‘Everybody loves a party … but, inevitably, after a big party there’s a hangover,” billionaire investor Stanley Druckenmiller said last week as stock markets seesawed amid fears that a new tech bubble was about to burst. “Right now, we’re in an absolute raging mania,” he said.
And at times it did look like a tech bubble was about to burst again. Last Tuesday, Tesla’s shares fell 21% and Elon Musk’s net worth plunged $16.3bn (£12.7m), the largest single-day wipeout ever for a member of the Bloomberg Billionaires Index. Amazon’s founder, Jeff Bezos, lost $7.9bn. The whiplash continued throughout the week but, for many market watchers, it is still too soon to call time on tech’s stellar rise.
The sums lost are mind-bending – Musk’s $16.3bn loss is the amount China (population 1.4 billion) set aside to tackle coronavirus in March. However, the losses have hardly dented the historic fortunes the “techno-crats” have built during the technology boom and, for now, tech’s dominance seems intact.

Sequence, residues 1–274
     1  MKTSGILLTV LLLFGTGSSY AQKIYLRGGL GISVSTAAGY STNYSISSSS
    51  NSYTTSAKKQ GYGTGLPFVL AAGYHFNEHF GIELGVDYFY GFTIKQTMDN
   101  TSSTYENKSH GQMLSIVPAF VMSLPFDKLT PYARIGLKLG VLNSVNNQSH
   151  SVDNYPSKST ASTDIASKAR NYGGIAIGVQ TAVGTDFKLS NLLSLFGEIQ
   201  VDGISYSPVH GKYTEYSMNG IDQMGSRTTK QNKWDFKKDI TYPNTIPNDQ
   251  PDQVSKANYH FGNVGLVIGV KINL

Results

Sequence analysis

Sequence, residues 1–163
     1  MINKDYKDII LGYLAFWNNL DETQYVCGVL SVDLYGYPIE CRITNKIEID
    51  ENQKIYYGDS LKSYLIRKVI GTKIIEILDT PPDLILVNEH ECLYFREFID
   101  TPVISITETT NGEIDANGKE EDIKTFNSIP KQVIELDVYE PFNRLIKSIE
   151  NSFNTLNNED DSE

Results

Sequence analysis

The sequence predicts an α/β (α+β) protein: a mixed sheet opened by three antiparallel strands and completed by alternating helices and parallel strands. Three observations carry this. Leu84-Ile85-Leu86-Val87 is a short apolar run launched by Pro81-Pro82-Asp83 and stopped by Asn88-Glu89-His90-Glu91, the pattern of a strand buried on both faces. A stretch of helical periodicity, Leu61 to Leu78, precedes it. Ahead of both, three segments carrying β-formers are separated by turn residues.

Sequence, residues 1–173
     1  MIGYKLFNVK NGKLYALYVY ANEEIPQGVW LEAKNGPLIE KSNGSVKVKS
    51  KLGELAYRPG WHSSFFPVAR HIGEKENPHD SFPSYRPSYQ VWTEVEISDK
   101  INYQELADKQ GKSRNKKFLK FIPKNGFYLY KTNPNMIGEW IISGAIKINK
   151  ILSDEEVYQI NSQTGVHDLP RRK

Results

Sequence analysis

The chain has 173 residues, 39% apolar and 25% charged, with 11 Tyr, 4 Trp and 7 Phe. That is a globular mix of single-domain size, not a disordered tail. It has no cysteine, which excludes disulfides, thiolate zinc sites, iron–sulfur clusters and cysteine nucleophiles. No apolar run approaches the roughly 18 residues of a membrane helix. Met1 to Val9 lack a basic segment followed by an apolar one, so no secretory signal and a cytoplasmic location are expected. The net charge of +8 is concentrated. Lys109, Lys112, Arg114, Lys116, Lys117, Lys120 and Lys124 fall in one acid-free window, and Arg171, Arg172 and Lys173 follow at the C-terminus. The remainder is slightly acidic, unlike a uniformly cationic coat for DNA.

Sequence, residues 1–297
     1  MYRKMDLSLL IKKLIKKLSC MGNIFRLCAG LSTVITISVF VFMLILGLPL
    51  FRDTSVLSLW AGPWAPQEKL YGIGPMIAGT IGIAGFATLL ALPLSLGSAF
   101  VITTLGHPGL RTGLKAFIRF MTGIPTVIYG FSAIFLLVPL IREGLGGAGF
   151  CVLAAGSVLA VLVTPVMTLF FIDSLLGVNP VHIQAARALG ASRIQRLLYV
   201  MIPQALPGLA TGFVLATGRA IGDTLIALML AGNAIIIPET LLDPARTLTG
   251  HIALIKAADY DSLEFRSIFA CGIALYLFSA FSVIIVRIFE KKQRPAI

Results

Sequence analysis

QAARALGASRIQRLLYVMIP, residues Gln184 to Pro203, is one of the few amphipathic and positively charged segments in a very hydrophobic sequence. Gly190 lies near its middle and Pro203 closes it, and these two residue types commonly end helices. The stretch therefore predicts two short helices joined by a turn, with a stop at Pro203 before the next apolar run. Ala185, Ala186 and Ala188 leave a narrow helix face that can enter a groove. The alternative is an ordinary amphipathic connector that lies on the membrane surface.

The US tech giants have been on a tear for a year and have only increased in value since coronavirus hit the US. Last Friday, Bloomberg pegged Bezos’s fortune at $184bn, up $69.3bn from the start of the year. Even with Tesla’s recent heavy losses, Musk’s fortune is up $64bn for the year, ending Friday at $91.5bn.
If this is a tech bubble, it is made of stronger stuff than the one that burst at the turn of the millennium. That bubble was epitomised by young startup companies such as Pets.com, which went out of business just nine months after its much-hyped share sale. This one is being inflated by some of the biggest, most profitable companies the world has ever seen.